Lobular breast cancer (also called invasive lobular carcinoma) is a type of breast cancer that begins in the milk-producing glands (lobules) of the breast. It is the second most common type of breast cancer, accounting for about 10% to 15% of all invasive breast cancers. Cancer of the breast ducts (called invasive ductal carcinoma) is the most common type of invasive breast cancer, accounting for 65% to 85% of all invasive breast cancers.
Invasive means that the cancer has invaded or spread from its original contained location – in this case, from within the walls of the lobule -- into the surrounding breast tissue. Over time, invasive lobular breast cancer can also spread to the lymph nodes in the underarms, beneath the breast or inside the chest or to other areas in the body away from the breast.
Lobules are the milk-producing glands of the breast. Breast ducts are the thin tubes that carry breast milk from the lobules of the breast to the nipple.
Compared to other types of breast cancer, lobular breast cancer:
. Has different symptoms than other more common types of breast cancer.
. May be harder to see on mammogram because it does not cause a firm or distinct lump.
. May not be diagnosed until the cancer is large enough to cause symptoms.
. Is more likely to involve both breasts.
. Can reoccur many years after the first diagnosis and cancer can spread to different-than-typical sites like the stomach, intestine, ovary, kidneys, ureters and eye.
Risk factors for developing lobular breast cancer are the same as those for developing breast cancer in general. These include:
. Older age. The risk of breast cancer increases with age. Most breast cancers are diagnosed after age 50.
. Being diagnosed with lobular carcinoma in situ. This means you have abnormal cells confined within the lobules of your breast. Although this is not considered cancer, it does increase your risk of developing breast cancer.
. Family history of breast cancer. Having a mother, sister, or daughter (a "first-degree relative") who has had breast cancer.
. Early puberty/late menopause. Starting your period at an early age (before age 12) or experiencing late menopause (after age 55).
. Not having children/later childbirth. Not having children or having your first child after the age of 35.
. Postmenopausal hormone use. Using the female hormones estrogen and progesterone for more than 5 years to manage menopause symptoms.
. Exposure to radiation. Receiving radiation to the breast or chest to treat cancer before the age of 30.
. Having genetic mutations for certain types of breast cancer. Being a carrier of the familial breast cancer genes, BRCA1 and BRCA2.
. Being overweight.
. Drinking alcohol. Compared with nondrinkers, women who consume one alcoholic drink a day have a 10% increase in risk. The risk increases the more you drink.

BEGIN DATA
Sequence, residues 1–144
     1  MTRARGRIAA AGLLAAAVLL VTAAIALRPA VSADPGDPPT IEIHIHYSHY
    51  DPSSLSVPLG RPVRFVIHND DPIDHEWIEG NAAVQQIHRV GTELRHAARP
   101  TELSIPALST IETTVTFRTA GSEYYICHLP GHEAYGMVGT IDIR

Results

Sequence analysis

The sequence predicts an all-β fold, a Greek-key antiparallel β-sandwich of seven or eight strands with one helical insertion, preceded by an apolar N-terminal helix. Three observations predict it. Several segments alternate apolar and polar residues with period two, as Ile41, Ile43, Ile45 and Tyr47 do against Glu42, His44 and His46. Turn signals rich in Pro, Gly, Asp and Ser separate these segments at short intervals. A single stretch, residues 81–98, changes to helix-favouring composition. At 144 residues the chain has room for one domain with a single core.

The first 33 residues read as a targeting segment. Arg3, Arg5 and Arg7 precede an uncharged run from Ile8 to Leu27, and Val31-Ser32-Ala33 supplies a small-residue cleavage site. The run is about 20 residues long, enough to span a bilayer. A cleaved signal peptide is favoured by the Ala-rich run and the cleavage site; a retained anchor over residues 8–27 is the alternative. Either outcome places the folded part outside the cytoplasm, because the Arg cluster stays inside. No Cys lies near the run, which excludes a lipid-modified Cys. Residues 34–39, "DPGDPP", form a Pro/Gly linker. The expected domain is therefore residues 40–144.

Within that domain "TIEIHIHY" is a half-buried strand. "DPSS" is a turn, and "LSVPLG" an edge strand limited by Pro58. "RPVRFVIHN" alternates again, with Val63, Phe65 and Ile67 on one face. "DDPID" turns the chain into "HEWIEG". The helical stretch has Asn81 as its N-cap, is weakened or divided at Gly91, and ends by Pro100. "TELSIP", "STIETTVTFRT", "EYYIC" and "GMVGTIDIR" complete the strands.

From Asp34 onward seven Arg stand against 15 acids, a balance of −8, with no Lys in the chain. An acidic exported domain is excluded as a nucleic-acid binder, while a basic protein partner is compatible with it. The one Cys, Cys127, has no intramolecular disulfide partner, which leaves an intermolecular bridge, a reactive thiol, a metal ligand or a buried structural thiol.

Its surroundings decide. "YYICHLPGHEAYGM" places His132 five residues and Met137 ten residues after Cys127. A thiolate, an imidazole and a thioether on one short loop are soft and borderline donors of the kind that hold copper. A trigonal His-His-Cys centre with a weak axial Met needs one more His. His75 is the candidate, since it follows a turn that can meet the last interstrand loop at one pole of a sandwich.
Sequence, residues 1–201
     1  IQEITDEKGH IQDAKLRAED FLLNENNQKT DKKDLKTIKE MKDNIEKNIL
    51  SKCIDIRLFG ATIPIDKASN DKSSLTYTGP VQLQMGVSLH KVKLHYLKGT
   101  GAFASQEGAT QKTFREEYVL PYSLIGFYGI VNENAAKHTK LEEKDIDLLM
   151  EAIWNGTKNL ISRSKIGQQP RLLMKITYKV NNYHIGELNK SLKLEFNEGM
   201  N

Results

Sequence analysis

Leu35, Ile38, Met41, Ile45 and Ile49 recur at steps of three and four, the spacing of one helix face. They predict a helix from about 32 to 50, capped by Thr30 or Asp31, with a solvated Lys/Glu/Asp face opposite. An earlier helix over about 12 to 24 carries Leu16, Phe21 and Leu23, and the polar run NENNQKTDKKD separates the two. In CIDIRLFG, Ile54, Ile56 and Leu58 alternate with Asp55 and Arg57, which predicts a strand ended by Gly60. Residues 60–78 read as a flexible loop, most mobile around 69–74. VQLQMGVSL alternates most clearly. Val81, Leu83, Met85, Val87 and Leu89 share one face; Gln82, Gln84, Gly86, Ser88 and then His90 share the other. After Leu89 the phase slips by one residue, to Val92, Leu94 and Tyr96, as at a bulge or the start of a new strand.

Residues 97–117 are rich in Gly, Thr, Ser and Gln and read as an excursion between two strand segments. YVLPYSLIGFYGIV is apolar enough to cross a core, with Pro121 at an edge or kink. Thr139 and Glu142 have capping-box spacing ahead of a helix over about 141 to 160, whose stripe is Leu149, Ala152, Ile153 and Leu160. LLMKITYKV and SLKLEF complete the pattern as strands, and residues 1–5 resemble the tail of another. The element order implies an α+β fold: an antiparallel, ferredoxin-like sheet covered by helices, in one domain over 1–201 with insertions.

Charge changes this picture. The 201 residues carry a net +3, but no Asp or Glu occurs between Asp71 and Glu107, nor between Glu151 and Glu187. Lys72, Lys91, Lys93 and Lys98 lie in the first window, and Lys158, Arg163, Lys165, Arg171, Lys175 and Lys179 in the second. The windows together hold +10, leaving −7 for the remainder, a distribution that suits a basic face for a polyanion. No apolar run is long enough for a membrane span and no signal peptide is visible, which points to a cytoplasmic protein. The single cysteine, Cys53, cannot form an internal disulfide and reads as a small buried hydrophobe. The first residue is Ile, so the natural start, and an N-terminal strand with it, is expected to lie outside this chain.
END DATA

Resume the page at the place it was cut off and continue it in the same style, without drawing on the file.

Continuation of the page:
The life cycle of normal cells is to grow, divide and die. Cancer cells do not follow this normal life cycle. Technically, the definition of cancer is uncontrollable cell growth. The cause of this uncontrollable cell growth is a mutation (change) in the DNA (“the blueprint”) of cells. The cause of the DNA mutation is not always clear to scientists.
The growth of breast cancer cells is fueled by estrogen and/or progesterone, which are female hormones produced in the body. Most types of breast cancers are usually estrogen positive, which mean they grow in response to estrogen. Your doctor may prescribe medications to block the effects of estrogen to help prevent the return of cancer after your initial treatment.
What are signs and symptoms of lobular breast cancer? How does the breast tissue feel?
There may not be any obvious signs of lobular breast cancer at first. Unlike more common breast cancers, lobular breast cancer is less likely to form into a lump in the breast tissue or under the arm. Instead, you may feel a fullness, thickening or swelling in one area that feels different from the surrounding area. Nipple flattening or inversion (pointing into the breast instead of out) can also be a sign of lobular breast cancer.
Your doctor will likely order a mammogram and ultrasound to look for abnormal breast tissue. A breast MRI scan is a more sensitive test for detecting breast cancer. Your doctor may order this test if you are at higher risk of breast cancer or if mammogram or ultrasound findings raise concerns that should be investigated further.
If abnormal breast tissue is seen on breast imaging, a small sample of tissue is taken from the area of concern using a needle (a procedure called a needle biopsy) and examined under a microscope. The results of the biopsy either confirm or rule out a diagnosis of breast cancer.
Once a lobular breast cancer is found, treatment consists of surgery followed by radiation and/or chemotherapy. Depending on the size of the tumor, surgical options include removing the tumor and some normal tissue around it (lumpectomy) or a part of or the whole breast (mastectomy) including some lymph nodes and muscle tissue. If a breast MRI was not done before, it may be done prior to surgery to make sure the planned surgery will be able to remove all the cancer.
Following surgery, you may need radiation therapy to kill any cancer cells left at the site of the tumor and/or chemotherapy to kill cancer that may have spread to the lymph nodes under the arm and beyond the breast area.
Most patients will need to take daily doses of anti-estrogen medications for 5 to 10 years after surgery to continue to treat the cancer. These medications include tamoxifen (Evista®) and aromatase inhibitors, such as letrozole (Femara®), exemestane (Aromasin®) and anastrozole (Arimidex®).
Since it is difficult to diagnosis lobular breast cancer, the best advice is to see your doctor as recommended for your breast exam and breast cancer screening exams. If you notice any signs or symptoms of lobular breast cancer, make an appointment to see your doctor as soon as possible.